When Flying Gurnards are caught by fishermen, they're known to make a loud "grunting" noise. These animals are a species of least concern by the IUCN Red List, and are fairly abundant in the waters of the Atlantic.

https://www.instagram.com/theterramarproject/?hl=en

Photo: Jens Petersen/Wikimedia Commons (CC BY-SA 3.0)

#marinelife #flyinggurnard #marinespecies #TerraMar #fish #flyingfish #marineconservation #highseas
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Happy #FlatsharkFriday! Dive into the weekend with good vibes and hope for the future.

Conservation takes time - it isn't accomplished overnight. But every day support grows to save our oceans. #SeaHope and keep up the awesome work! http://bit.ly/2EH5CYn

Photo: Albert Kok
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The Humphead or Napoleon wrasse is one of the largest reef fishes in the world and is the largest member of the wrasse family (Labridae). The enormous size of adult fish is made even more imposing by the prominent hump that develops on their forehead, from which they earn their common name. Mature adults also have thick lips; juveniles can be identified by their pale greenish colour and two black lines running behind the eye.

The Humphead Wrasse is widely distributed on coral reefs and inshore habitats throughout much of the tropical Indo-Pacific, from western Indian Ocean and Red Sea to southern Japan, New Caledonia and into the central Pacific Ocean.

This species can live at least 30 years, and is listed as an Endangered Species by the IUCN Red List, due to their slow growing nature and population declines in recent history.

Learn more by visiting us at: http://theterramarproject.org/

Photo: Derek Keats/Wikimedia Commons

#marinelife #wrass #marinespecies #conservation #marineconservation #reef #coralreef #endangered
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The Vaquita is the world's most endangered marine animal, and it's population is hanging on by a thread in Mexico. With less than 30 individuals (and dropping) left in the wild, Vaquitas are the world's smallest porpoise and are endemic to the Northern Gulf of California.

Unsustainable and illegal fishing practices are the main drivers pushing Vaquitas to extinction. Vaquitas share waters with the much sought-after totoaba fish and fishing nets inadvertently catch and drown these porpoises. Demand for totoaba swim bladders – believed to cure a variety of illness and diseases in Chinese medicine- is driving the vaquita to extinction. The swim bladders are often illegally smuggled over the US border and then shipped to China where it can sell up to USD 8,500 per kilogram in the black market.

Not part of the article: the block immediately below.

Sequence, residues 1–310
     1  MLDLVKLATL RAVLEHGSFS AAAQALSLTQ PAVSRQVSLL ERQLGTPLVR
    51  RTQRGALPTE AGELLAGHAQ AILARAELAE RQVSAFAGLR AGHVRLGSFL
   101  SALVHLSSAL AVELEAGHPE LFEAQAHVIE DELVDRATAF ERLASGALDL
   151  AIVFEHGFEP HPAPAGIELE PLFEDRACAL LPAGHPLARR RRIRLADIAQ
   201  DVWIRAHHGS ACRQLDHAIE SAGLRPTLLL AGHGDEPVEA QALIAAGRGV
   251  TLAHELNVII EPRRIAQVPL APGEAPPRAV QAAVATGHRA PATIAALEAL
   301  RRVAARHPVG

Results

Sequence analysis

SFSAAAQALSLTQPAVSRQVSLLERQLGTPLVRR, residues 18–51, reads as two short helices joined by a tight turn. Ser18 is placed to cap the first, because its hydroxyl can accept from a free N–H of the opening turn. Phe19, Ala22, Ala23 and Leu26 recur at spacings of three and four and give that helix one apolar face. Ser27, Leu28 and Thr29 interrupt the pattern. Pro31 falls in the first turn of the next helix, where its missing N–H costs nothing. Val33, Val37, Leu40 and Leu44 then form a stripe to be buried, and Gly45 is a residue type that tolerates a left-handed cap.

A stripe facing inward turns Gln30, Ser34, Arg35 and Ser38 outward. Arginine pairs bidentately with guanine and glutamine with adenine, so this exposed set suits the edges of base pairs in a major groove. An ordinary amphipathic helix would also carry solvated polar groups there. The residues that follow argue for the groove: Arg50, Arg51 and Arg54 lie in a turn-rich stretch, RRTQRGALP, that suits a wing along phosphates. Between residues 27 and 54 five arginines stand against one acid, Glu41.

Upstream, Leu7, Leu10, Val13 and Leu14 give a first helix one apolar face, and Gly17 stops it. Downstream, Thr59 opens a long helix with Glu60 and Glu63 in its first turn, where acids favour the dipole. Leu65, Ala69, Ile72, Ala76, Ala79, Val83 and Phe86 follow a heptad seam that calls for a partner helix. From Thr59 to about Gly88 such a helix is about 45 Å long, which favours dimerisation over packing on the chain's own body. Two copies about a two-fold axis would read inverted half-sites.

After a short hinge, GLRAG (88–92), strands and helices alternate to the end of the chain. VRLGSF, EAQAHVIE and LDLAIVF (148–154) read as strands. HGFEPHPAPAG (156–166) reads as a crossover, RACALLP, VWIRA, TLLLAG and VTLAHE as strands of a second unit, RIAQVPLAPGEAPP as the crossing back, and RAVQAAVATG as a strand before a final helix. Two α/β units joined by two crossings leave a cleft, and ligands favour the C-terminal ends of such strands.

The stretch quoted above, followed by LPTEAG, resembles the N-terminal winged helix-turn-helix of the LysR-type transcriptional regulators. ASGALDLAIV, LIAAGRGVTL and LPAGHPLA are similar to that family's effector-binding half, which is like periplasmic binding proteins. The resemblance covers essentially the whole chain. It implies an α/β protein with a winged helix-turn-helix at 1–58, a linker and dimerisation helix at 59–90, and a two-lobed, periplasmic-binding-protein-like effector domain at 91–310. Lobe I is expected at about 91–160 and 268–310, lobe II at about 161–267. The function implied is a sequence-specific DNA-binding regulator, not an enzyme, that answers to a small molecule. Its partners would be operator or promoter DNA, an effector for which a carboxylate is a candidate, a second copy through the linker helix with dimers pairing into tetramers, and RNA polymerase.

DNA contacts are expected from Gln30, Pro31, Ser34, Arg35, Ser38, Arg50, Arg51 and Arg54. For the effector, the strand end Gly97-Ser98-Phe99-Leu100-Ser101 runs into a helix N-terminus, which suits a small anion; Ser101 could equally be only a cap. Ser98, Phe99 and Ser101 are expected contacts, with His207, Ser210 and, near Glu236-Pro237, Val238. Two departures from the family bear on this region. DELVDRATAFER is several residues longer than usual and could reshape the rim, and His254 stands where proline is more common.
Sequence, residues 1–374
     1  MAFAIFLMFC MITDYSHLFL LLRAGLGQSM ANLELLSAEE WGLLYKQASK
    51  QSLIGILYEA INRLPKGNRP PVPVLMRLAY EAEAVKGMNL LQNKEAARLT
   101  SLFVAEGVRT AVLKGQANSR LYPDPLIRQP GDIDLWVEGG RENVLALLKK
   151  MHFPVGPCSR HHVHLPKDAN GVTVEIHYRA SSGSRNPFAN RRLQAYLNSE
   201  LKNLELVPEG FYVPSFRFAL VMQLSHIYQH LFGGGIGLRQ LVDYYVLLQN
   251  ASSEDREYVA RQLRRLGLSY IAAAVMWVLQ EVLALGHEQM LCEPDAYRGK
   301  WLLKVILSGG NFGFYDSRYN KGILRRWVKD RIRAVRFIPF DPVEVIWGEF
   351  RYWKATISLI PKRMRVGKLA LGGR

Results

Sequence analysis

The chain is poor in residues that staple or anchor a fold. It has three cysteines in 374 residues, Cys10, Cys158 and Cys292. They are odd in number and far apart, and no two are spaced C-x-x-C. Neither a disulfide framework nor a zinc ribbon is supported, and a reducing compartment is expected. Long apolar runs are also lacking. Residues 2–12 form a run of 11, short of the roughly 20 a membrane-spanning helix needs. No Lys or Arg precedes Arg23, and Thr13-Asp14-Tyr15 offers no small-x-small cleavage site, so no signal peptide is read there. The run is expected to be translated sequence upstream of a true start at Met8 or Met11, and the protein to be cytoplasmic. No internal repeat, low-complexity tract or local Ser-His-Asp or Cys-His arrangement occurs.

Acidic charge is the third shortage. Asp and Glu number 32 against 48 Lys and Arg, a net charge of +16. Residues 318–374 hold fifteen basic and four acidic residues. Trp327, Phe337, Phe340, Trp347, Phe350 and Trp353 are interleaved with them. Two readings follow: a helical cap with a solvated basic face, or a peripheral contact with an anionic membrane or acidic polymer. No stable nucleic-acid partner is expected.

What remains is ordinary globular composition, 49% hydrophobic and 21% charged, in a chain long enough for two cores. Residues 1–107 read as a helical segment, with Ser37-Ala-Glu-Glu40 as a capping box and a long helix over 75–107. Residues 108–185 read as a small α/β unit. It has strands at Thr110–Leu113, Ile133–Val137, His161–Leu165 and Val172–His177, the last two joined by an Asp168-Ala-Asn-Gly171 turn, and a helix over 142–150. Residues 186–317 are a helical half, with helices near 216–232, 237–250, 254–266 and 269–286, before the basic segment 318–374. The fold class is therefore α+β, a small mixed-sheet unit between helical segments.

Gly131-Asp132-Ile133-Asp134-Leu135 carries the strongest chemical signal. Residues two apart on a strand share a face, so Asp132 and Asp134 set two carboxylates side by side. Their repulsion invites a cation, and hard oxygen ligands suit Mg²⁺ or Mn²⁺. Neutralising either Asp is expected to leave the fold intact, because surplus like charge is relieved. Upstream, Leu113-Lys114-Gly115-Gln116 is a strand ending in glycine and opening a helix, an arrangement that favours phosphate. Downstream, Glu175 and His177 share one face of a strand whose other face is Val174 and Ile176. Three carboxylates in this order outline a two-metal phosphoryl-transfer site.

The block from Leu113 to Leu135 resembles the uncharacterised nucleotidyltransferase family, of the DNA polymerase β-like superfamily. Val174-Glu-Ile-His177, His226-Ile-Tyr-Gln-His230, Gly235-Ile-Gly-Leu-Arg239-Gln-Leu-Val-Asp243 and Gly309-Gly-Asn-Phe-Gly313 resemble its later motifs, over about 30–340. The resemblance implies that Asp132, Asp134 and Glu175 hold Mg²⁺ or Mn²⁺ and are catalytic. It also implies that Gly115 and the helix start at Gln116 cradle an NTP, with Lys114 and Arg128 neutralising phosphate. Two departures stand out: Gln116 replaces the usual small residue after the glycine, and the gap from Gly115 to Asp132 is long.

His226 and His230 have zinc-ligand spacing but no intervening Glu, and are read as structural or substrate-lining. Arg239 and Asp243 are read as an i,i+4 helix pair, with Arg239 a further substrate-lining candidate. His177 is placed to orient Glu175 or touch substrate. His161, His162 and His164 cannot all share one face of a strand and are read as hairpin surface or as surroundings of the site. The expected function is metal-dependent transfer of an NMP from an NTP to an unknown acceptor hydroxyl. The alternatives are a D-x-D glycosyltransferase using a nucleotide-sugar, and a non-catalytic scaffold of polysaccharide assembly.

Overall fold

On June 30, 2017, the government of Mexico announced a permanent ban on the use of gillnets in the Upper Gulf of California.

The Gulf of California World Heritage site is at risk of being listed as in danger by the World Heritage Committee. Mexico has been given one year to demonstrate that it is taking appropriate legal, scientific, technical, administrative and financial measures to protect this heritage site and the animals that live there—including the vaquita.

https://www.instagram.com/theterramarproject

Photo: Paula Olson/NOAA/Wikimedia Commons (CC0)

#Endangered #SaveOurOcean #MarineSpecies #Overfishing #Vaquita #VitaminSea #Conservation #Extinction
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Scalloped Hammerhead Sharks Sphyrna lewini are one of the most common species of hammerhead shark. Hammerhead sharks are easy to pick out in a crowd thanks to the unique "hammer" shape of their head. Their eyes and nostrils are located at the extreme ends of their head, and give the shark a unique vision of its environment. On the bottom of the shark's head are sensing organs called ampullae of Lorenzini which allow the sharks to detect prey under the sand.

Scalloped Hammerheads are found near-shore early in life, and then move out to the open ocean where they occupy in the world's tropical and sub-tropical waters. Sometimes these animals will gather in large schools, which is an usual behavior for such a top predator. They have relatively small mouths, and mostly hunt for stingrays and small fish species.

Scalloped Hammerhead Sharks are an endangered species, mostly due to human exploitation and by-catch in fisheries. Their schooling nature puts populations at a greater risk of exploitation, and there is a high demand for hammerhead shark fins. Hammerhead shark fins are worth more on the market because of their high fin ray count.

https://www.instagram.com/theterramarproject

Photo: Barry Peters/Wikimedia Commons (CC BY 2.0)

#marinelife #elasmobranch #hammerhead #shark #TerraMar #CostaRica